Nov 16, 2007

Pakistan: One Man Refuses to Budge

In stark contrast to their President and army chief, the government and parliament of Pakistan stuck to the book and disbanded as their term ended, with a caretaker government installed until the next elections are held.

In stark contrast to their President and army chief, the government and parliament of Pakistan stuck to the book and disbanded as their term ended, with a caretaker government installed until the next elections are held.

Below is an article published by The International Herald Tribune: 

The government resigned and Parliament was dissolved on schedule Thursday [15 November 2007] at the end of their five-year term, and a caretaker government was announced for the election campaign, but General Pervez Musharraf stayed put in his dual posts of army chief and president, even though his term had technically expired.

Opposition party leaders, including former Prime Minister Benazir Bhutto, announced that they were forming a united opposition movement to campaign for Musharraf's resignation from both his posts and for the restoration of the Constitution and judiciary. Although many of the leaders are in jail or under house arrest, they have been able to call one another and give interviews to the news media. 

Two of Pakistan's independent news channels came back on the air in a slight easing of restrictions on the media, but two more remained banned. The police continued rounding up political party members and arrested Raza Rabbani, a senior member of Bhutto's party and opposition leader of the Senate, along with a number of other politicians meeting with him in his home city of Karachi, according to a fellow senator, Enver Baig.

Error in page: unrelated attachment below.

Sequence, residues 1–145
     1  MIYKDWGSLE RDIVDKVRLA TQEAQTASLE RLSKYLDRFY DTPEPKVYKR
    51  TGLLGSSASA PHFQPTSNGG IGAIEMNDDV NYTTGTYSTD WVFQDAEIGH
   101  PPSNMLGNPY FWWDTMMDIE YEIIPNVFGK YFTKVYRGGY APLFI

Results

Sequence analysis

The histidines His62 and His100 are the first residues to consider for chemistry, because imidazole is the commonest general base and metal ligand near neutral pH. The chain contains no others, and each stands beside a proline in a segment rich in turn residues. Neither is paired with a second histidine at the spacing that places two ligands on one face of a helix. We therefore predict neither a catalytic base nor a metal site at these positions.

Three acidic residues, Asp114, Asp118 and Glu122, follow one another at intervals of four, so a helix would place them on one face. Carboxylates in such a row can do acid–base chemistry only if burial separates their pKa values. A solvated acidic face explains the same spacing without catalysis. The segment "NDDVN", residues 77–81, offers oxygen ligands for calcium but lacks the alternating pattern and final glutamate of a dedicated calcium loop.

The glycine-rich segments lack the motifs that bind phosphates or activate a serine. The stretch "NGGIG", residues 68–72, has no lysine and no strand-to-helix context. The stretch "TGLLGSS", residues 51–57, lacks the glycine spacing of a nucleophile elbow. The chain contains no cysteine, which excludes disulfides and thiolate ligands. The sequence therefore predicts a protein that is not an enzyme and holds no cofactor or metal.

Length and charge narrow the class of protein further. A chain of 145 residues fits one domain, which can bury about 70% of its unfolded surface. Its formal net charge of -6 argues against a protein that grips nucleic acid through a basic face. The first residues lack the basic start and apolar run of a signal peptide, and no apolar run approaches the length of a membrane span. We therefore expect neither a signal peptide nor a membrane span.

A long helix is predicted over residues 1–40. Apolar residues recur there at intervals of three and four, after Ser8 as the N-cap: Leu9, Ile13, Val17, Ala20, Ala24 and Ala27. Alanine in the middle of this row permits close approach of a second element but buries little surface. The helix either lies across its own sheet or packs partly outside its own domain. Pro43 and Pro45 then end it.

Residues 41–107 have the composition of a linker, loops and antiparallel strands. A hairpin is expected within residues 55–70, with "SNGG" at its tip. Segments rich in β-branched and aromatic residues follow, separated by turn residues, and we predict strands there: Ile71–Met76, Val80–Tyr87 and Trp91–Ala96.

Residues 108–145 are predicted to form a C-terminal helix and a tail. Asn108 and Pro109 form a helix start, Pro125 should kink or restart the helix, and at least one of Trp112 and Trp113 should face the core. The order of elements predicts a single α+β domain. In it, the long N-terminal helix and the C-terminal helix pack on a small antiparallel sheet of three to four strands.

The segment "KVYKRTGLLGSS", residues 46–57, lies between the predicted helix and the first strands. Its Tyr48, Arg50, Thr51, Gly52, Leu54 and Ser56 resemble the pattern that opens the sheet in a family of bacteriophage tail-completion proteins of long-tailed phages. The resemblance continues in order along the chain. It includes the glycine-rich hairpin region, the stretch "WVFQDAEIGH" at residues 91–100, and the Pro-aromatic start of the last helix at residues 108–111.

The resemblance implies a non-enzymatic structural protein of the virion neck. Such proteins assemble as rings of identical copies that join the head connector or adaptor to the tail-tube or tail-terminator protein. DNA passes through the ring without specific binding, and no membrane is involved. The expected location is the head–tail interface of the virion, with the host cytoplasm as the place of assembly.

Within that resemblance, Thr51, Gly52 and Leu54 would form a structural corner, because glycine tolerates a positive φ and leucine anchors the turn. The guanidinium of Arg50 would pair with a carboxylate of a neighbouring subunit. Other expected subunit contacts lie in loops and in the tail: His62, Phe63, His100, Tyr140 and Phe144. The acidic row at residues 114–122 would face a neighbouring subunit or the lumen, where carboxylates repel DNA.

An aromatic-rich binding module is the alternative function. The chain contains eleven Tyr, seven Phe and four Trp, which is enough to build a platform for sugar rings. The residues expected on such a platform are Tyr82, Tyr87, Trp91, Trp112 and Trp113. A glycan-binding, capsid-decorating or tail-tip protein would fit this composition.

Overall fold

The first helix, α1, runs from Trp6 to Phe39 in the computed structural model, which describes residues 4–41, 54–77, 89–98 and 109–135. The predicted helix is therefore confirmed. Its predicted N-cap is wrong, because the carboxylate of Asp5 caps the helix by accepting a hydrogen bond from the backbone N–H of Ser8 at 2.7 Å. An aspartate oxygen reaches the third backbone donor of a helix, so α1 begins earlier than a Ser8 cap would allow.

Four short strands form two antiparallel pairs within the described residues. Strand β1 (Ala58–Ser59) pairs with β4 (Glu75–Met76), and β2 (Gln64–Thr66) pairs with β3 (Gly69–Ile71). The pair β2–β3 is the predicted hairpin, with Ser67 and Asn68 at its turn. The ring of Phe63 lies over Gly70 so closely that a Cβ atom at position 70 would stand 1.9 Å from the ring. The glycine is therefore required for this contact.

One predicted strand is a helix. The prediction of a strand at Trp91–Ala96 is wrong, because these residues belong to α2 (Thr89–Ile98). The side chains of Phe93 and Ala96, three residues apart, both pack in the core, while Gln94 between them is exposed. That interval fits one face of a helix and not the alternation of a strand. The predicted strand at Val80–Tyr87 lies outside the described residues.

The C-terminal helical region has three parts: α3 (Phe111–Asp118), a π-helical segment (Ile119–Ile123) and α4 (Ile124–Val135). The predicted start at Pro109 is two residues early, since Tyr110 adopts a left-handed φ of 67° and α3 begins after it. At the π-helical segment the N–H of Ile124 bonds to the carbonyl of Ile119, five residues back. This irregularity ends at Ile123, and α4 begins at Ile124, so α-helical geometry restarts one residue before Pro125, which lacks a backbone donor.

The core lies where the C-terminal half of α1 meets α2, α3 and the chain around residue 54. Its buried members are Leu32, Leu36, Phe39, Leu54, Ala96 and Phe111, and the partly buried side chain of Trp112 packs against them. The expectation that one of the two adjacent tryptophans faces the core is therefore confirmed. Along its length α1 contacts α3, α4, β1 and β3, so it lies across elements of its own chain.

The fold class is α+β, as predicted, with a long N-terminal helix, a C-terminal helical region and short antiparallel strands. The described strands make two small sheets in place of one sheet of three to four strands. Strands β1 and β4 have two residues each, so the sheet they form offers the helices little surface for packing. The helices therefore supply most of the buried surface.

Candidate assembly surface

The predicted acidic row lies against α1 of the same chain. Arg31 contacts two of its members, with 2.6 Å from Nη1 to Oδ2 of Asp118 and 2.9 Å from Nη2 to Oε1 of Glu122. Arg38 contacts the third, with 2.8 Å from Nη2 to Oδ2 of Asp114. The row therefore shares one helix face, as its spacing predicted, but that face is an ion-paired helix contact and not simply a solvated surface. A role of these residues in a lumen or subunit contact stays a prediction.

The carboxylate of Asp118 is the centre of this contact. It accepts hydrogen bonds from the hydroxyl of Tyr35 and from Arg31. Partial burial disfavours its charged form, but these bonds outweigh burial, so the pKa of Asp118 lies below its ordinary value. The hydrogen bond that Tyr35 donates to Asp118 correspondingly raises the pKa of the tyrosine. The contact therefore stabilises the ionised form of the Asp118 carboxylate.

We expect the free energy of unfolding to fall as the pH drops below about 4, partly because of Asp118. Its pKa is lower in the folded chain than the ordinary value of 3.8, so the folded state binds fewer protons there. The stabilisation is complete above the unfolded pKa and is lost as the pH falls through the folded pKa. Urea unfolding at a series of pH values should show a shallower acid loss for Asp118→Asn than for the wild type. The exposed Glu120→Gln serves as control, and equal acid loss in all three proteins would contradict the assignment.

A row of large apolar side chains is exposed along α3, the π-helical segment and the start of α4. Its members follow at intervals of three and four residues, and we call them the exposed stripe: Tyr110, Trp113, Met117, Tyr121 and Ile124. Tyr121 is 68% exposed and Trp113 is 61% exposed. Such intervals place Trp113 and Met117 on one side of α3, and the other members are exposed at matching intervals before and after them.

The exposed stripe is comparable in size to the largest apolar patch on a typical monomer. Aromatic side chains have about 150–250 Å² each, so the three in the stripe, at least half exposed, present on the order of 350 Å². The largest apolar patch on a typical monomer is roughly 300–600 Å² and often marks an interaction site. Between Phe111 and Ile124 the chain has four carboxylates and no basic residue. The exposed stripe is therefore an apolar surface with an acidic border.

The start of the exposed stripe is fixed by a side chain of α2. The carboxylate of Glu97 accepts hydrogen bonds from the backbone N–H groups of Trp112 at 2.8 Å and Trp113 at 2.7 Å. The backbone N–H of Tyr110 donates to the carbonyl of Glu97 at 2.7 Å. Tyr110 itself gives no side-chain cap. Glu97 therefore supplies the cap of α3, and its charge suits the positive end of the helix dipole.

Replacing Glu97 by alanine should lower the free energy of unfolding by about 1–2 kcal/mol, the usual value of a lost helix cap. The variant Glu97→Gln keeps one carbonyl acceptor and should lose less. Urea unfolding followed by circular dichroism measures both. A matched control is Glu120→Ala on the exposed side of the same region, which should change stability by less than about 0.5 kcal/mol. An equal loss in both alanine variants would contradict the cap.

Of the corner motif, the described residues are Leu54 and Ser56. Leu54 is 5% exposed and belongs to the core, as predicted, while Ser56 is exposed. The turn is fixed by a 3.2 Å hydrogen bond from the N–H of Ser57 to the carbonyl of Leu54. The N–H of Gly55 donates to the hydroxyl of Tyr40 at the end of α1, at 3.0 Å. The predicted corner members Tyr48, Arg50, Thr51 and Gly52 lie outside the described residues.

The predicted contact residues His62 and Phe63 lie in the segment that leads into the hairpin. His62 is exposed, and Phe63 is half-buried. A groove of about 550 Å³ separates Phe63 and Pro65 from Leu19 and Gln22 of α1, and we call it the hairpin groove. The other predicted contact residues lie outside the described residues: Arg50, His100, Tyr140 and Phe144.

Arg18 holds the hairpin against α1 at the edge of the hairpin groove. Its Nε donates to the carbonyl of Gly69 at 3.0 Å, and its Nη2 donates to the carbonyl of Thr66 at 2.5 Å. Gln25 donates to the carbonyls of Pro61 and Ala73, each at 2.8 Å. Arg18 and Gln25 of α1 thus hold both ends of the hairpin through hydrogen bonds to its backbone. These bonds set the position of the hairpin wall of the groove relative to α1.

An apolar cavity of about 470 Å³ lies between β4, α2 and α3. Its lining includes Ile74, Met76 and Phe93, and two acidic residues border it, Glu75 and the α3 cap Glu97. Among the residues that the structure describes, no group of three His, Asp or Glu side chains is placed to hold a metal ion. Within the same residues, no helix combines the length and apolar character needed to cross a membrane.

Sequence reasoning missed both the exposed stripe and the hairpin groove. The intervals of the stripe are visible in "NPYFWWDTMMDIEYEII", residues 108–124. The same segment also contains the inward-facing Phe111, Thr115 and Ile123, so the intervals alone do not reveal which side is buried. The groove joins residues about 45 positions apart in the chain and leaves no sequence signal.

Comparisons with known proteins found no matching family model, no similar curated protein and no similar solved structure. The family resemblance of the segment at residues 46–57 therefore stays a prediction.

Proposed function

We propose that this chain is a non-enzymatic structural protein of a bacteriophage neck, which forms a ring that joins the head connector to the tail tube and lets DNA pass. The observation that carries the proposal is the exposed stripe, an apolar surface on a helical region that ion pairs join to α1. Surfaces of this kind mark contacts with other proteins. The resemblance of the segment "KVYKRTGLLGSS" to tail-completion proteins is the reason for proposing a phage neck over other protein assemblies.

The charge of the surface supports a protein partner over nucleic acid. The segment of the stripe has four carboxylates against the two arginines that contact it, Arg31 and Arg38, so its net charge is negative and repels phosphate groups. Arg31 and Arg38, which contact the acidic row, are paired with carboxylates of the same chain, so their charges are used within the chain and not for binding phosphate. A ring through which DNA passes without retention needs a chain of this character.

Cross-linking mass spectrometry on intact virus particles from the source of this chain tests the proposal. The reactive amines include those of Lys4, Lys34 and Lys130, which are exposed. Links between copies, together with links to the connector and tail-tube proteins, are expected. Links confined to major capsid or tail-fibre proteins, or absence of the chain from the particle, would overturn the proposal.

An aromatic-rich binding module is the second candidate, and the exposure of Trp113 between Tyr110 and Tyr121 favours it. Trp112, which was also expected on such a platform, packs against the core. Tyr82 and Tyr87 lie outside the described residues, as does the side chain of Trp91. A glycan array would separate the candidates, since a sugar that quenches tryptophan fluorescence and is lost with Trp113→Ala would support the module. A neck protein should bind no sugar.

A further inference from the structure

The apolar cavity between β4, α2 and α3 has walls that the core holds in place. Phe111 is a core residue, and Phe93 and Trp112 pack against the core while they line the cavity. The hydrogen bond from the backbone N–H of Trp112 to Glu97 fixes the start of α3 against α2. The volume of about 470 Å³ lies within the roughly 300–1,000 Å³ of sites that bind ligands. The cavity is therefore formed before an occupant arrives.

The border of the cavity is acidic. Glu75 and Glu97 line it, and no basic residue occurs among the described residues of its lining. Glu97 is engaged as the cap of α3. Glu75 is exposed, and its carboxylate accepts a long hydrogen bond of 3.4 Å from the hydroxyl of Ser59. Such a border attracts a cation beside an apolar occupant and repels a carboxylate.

Two teenagers, the first casualties of the de facto martial law, were shot and killed in clashes with the police in Lyari, a district of Karachi that is strongly pro-Bhutto, news agencies reported. 

Musharraf, who introduced emergency rule Nov. 3 [2007], scrapping the Constitution and dismissing the Supreme Court, has come under strong international pressure to roll back his measures of the last 12 days, including the arrests of thousands of opposition party workers, lawyers and human rights advocates. The U.S. deputy secretary of state, John Negroponte, is arriving Friday [16 November 2007] in Pakistan to meet with senior officials and will deliver the same strong messages to end the state of emergency and reverse the arrests and restrictions introduced under it, a Western diplomat said.

Yet Musharraf is unlikely to comply immediately. He is still waiting for a newly appointed Supreme Court to confirm his Oct. 6 [2007] election to another presidential term, and it is unlikely he will lift the emergency before that, officials said. The attorney general, Malik Abdul Qayyum, said that he expected a decision from the new Supreme Court - 11 judges have now taken an oath under a provisional constitutional order - by next week and that Musharraf would resign his military post by Dec. 1 [2007]. 

Qayyum said that Musharraf could remain in his post of president despite the end of his term, since the Constitution allows the outgoing president to remain in the post until the new president is sworn in.